A second group consists of the ever increasing number of bodybuilders and recreational weight trainers among the general public. Although these individuals lift primarily for enjoyment and to maintain and increase fitness, their interest in performance and safety is undeniable. A tour of any gym or health spa will typically indicate more people bench pressing than doing any other exercise. Again, the lift is VERY comfortable and reasonably heavy weights can be lifted. It’s interesting to note that among the general population the question typically asked of a person known to lift weights used to be “How much can you press?”. Today it has frequently been replaced with “How much can you bench press?”. Indeed, bench press competitions (where only the bench press is contested) have become increasingly popular in recent years.

The bench press is also one of the three events that comprise he popular international sport of Powerlifting. The numerous participants in this sport are certainly interested both in improving their bench press performance and reducing their probability of injury from training this lift.

Finally, the sports medicine community has expressed interest in recent years regarding injuries, both chronic and acute, associated with the bench press. A better understanding of the bench press would provide useful information regarding both injury mechanisms and prevention.

1-3 – Current Bench Press World Records

For interest’s sake, the men’s and women’s current world records in the competitive bench press (performed under the rules of the International Powerlifting Federation) are:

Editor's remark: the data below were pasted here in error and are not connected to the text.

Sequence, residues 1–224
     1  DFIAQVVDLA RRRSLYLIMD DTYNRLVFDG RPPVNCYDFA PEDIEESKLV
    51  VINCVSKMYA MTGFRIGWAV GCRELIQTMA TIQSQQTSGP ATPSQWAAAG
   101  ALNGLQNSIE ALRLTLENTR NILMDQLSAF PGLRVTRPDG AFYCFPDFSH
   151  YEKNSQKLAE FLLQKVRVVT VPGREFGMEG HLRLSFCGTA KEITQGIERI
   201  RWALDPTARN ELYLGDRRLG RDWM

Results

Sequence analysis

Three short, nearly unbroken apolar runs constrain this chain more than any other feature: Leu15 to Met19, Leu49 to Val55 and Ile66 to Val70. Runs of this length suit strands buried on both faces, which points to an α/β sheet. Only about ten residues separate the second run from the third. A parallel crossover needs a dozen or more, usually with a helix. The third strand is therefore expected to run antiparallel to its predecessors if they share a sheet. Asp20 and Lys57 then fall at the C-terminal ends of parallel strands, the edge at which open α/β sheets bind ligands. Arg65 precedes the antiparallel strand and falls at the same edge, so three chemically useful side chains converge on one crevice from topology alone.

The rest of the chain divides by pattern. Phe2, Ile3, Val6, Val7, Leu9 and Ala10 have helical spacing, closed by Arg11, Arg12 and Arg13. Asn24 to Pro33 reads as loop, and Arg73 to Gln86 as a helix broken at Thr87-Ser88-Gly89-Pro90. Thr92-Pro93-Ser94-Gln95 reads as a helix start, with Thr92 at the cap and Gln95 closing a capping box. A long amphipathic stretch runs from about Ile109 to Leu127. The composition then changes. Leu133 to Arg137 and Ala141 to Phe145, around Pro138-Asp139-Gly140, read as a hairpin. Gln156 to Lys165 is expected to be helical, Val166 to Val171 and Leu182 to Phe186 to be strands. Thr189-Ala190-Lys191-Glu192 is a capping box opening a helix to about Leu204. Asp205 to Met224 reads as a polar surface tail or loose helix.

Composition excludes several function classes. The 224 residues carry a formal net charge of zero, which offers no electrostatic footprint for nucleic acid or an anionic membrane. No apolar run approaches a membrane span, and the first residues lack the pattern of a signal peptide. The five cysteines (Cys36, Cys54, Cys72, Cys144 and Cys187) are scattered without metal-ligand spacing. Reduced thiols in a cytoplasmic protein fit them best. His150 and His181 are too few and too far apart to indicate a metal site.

Women’s World Records (as of March, 1984 - PLUSA)
097 – 165.0
105 – 180.4
114 – 184.8
123 – 228.8
132 – 213.4
148 – 231.0
165 – 308.0
181 – 330.0
198 – 264.0
SHY – 286.0

Men’s IPF Records (as of April, 1984 – PLUSA)
114 – 322.3
123 – 324.5
132 – 396.0
148 – 426.8
165 – 478.5
181 – 528.0
198 – 561.0
220 – 575.3
275 – 612.7
SHY – 661.0

1.4 – Research On The Bench Press To Date

Despite the widespread use of the bench press, there are no studies reported in the literature (as of the writing of this book) that have analyzed the bench press as an upper body strength building motion. Only studies related to the function of some of the muscles involved in bench pressing have been reported. For example, Rosentwieg, etal. (10) Have reported on a study of isokinetic bench pressing using electromyography with a sub-set of the muscles crossing the glenohumeral joint (deltoids, biceps, triceps, and pectoralis major). Jonsson and Jonsson (4) looked at a totally different sub-set of muscles crossing the joint in relation to driving (supraspinatus, infraspinatus, teres major, and teres minor). Deluca and Forest (3) reported on a model for predicting the muscle loads for a subset of muscles involved in abduction. There are also a number of papers (1, 2, 5) that present the function of some of the muscles involved with the glenohumeral articulation. Overall, however, no direct biomechanical or electromyographical studies of bench pressing with weights exist.